Course Hero. "Winesburg, Ohio Study Guide." Course Hero. 24 Feb. 2018. Web. 27 May 2018. <https://www.coursehero.com/lit/Winesburg-Ohio/>.
Course Hero. (2018, February 24). Winesburg, Ohio Study Guide. In Course Hero. Retrieved May 27, 2018, from https://www.coursehero.com/lit/Winesburg-Ohio/
(Course Hero, 2018)
Course Hero. "Winesburg, Ohio Study Guide." February 24, 2018. Accessed May 27, 2018. https://www.coursehero.com/lit/Winesburg-Ohio/.
Course Hero, "Winesburg, Ohio Study Guide," February 24, 2018, accessed May 27, 2018, https://www.coursehero.com/lit/Winesburg-Ohio/.
The hunger became again a part of his loneliness and his waiting.
Wing Biddlebaum is desperate for someone to hear the story of his life, and "hungers" for George to listen to him. A desperate hunger also takes hold of Wing at the end of the story, as he furtively gleans bread crumbs from his kitchen floor.
Elizabeth prays her son George will be able to keep the thing within him she has allowed to die in herself. Anderson believed success often ruined an artist, and Elizabeth fears George's desire for success will destroy the best in him. Almost immediately afterward, the reader is told Tom, George's father, has "always thought of himself as a successful man, although nothing he had ever done had turned out successfully."
Elizabeth determines to save George by killing her husband when she overhears Tom tell George about the job at the newspaper he's gotten for him, because Tom is determined his son should succeed.
Perhaps you will be able to write the book that I may never get written.
Doctor Parcival tells George he once had been a newspaper reporter—like George—and a student minister, but does not say anything about how he became a "doctor." Parcival is even writing a book, and reads parts of it to George. He also tells George he failed to tend to a child who had died in an accident in the street a few weeks back. He thinks it likely they will come after him for being negligent. If they do, Parcival figures George will finish his writing.
He could master others but he could not master himself.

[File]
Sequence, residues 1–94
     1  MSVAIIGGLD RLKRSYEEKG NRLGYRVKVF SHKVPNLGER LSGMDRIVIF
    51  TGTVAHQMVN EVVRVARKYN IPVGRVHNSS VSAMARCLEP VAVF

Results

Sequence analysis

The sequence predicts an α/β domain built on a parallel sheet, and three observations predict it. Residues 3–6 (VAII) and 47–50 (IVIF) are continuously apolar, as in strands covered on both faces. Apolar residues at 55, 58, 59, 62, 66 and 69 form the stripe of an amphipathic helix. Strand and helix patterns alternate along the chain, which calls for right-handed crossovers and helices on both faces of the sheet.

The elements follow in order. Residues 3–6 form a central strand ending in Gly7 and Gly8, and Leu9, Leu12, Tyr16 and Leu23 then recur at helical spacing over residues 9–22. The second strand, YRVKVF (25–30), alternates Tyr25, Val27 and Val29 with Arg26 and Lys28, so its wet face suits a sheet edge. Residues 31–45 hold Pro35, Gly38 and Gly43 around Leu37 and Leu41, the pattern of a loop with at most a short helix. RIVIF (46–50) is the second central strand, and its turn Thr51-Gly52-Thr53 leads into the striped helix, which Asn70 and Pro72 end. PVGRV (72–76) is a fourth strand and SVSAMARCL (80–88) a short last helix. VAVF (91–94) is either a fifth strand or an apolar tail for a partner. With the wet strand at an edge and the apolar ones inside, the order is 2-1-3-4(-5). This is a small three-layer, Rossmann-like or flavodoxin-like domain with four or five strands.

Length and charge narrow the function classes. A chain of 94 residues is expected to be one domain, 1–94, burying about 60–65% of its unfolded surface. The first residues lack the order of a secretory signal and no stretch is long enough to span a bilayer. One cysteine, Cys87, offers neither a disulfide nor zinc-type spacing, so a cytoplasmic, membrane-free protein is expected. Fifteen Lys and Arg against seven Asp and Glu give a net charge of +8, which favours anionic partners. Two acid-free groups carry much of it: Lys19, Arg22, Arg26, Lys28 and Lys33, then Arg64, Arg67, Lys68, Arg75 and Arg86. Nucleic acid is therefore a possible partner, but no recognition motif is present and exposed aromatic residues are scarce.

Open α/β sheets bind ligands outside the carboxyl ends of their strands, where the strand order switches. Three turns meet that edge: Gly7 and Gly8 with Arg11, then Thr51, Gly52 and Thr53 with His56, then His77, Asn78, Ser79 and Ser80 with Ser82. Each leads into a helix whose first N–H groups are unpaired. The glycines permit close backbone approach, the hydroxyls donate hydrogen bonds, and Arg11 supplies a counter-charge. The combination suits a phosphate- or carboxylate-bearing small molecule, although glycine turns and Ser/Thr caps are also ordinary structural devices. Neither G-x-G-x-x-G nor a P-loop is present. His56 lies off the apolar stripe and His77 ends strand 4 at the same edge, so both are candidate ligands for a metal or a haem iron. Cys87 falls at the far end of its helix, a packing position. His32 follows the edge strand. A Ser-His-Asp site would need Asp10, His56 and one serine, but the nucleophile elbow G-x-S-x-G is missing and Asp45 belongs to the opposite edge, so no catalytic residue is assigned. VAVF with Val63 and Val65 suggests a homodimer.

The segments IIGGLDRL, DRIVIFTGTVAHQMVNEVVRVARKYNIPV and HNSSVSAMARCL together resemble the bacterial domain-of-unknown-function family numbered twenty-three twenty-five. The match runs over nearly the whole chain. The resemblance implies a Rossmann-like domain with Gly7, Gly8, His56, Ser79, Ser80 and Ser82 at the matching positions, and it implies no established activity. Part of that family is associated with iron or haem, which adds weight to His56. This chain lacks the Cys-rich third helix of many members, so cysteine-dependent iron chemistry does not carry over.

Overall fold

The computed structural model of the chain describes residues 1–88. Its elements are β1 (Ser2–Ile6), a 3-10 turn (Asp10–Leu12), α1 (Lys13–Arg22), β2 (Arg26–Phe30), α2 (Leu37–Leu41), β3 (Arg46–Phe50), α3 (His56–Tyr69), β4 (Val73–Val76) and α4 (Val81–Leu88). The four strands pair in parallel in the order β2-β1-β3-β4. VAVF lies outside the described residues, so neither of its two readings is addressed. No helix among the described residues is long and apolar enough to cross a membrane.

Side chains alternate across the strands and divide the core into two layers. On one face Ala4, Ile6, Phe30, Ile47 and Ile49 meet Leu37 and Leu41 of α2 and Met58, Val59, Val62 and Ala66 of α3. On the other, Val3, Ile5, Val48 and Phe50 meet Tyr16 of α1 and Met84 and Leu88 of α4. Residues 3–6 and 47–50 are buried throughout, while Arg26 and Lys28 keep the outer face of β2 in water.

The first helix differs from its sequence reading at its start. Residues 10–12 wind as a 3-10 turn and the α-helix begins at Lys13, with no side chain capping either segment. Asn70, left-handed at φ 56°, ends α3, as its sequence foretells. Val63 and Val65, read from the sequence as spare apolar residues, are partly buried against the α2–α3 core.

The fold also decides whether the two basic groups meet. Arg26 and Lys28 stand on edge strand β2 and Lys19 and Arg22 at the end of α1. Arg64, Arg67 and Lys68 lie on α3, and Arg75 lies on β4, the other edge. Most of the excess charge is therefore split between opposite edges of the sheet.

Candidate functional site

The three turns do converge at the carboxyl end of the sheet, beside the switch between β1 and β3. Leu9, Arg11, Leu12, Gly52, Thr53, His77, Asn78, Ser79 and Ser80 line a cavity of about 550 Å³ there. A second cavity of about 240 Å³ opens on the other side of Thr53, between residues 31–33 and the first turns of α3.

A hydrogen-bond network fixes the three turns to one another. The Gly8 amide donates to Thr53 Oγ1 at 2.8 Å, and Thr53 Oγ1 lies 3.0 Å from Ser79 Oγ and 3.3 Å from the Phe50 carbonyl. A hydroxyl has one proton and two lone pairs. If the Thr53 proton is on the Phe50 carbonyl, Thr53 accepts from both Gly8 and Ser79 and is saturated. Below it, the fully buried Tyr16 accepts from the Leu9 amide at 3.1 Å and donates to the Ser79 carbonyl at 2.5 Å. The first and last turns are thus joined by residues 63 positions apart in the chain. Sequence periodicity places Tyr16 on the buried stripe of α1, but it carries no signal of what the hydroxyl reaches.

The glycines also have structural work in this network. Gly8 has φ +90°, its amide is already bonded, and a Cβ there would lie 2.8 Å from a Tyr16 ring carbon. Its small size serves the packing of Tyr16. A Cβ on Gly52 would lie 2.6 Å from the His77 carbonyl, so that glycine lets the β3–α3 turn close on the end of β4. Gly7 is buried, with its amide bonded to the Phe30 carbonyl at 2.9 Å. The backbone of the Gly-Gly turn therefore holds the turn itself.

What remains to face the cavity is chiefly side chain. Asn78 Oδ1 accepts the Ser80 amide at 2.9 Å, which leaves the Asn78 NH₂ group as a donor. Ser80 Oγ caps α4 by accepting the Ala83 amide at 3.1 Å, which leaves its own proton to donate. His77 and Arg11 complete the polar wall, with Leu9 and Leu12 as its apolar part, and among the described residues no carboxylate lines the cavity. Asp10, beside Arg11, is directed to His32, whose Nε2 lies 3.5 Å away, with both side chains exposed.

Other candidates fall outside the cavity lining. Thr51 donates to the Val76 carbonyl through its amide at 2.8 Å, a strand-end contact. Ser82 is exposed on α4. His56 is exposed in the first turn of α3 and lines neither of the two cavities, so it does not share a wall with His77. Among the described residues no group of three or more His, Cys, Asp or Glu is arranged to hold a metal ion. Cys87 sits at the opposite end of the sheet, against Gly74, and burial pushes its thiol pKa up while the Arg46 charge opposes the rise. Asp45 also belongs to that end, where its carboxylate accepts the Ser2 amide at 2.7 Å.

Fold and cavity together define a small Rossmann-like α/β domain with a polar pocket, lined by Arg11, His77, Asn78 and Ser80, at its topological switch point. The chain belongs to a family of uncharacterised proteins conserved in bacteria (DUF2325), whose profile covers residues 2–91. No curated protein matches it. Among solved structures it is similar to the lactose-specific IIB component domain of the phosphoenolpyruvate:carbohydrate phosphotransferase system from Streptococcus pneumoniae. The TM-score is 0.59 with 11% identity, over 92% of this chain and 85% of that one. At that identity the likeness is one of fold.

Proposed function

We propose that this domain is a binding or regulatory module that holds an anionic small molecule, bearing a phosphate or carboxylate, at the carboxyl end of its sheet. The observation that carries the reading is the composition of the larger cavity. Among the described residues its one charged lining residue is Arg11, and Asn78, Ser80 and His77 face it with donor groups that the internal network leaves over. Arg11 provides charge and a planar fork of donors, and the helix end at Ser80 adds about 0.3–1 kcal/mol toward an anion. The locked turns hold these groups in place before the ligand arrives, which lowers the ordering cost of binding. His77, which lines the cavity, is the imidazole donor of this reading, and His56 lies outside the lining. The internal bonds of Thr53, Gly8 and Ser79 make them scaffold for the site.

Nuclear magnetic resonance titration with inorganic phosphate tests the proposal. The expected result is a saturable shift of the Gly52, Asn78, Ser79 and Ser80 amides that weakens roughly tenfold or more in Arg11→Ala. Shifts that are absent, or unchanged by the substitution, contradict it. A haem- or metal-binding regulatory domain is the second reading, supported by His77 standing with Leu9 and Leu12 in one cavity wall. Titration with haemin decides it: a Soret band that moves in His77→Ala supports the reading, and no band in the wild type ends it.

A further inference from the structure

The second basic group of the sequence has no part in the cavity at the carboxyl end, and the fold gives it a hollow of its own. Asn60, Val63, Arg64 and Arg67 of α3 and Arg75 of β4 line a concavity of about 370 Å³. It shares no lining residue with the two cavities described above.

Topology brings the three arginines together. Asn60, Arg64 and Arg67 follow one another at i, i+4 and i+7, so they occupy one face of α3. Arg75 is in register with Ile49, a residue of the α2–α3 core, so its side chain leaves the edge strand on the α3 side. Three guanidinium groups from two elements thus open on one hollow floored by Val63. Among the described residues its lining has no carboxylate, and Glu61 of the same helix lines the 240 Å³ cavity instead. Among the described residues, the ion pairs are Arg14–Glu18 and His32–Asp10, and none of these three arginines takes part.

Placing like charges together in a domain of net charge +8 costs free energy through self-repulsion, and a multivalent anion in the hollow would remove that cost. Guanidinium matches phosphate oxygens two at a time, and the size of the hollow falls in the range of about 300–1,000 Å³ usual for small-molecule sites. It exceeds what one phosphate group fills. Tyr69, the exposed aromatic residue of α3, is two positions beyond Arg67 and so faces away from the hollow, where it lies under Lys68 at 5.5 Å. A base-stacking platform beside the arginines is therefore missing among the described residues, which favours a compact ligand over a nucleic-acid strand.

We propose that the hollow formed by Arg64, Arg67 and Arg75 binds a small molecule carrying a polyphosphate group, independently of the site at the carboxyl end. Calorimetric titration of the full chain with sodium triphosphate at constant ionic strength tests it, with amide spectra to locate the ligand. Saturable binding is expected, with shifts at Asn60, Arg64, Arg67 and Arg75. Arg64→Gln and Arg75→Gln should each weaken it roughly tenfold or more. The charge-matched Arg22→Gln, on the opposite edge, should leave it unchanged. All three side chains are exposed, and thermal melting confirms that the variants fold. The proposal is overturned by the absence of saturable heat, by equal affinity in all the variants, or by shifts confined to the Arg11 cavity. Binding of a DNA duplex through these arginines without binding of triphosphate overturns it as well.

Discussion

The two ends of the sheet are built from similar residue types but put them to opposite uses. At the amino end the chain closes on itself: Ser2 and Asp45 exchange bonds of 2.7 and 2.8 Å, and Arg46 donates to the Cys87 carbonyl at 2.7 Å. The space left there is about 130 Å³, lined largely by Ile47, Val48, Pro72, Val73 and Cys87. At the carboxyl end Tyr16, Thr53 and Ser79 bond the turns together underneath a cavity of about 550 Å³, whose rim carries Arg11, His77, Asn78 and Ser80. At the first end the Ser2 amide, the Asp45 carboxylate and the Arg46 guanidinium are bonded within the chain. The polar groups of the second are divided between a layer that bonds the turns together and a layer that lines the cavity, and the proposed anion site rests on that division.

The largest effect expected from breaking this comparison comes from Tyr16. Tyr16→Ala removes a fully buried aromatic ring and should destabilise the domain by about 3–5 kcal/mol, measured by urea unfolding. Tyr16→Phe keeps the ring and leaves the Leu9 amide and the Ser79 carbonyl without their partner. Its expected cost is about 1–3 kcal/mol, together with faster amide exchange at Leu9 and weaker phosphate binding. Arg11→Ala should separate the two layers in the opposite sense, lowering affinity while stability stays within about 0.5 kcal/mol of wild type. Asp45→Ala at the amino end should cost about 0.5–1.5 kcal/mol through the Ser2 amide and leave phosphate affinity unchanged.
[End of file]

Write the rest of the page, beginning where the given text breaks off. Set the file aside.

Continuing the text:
Jesse Bentley has control over considerable land and hired laborers, but he constantly begs the Lord of the Old Testament to give him control over all men to the glory of God.
The problem is Jesse can hardly control himself, and the running of the farmlands he already owns is beyond his ability. The harder he tries, the worse he gets at it, until finally he loses everything, including his own grandson, David, due to his religious fanaticism.
The age-old woman's desire to be possessed had taken possession of her.
Louise Bentley has longed for love, and never found it. As a young woman, she believes it is possible to find love in marriage to John Hardy by being "possessed" as his wife, but it doesn't take her long to find out he has no idea what it is she wants any more than she does herself.
Joe Welling is frequently subject to uncontrollable "fits" of verbose explanations on all his thoughts, from speculating on why the water is rising in Wine Creek, to milkweed's crop potential. He doesn't mind telling George he is every bit as observant and detailed as the young reporter, and he would do an even better job of it, because he would notice things George would miss.
However, unlike George, Joe is so completely self-absorbed he has no possibility of perceiving the internal truths of others.
She ... could not have understood the growing modern idea of a woman's owning herself.
Alice Hindman, the town's old maid, spends her entire adult life waiting for her sweetheart Ned Currie to send for her, even long after she acknowledges he never will.
Alice remains alone, trapped inside her own sense of fidelity to another person even after it is clear that person doesn't want it. The thought that might free her is the very one she does not dare to engage. While even her own mother has moved on by remarrying, Alice pays a high price for her passive determination to believe she belongs solely to one man.
The man who had nothing to say to others had nevertheless something to say.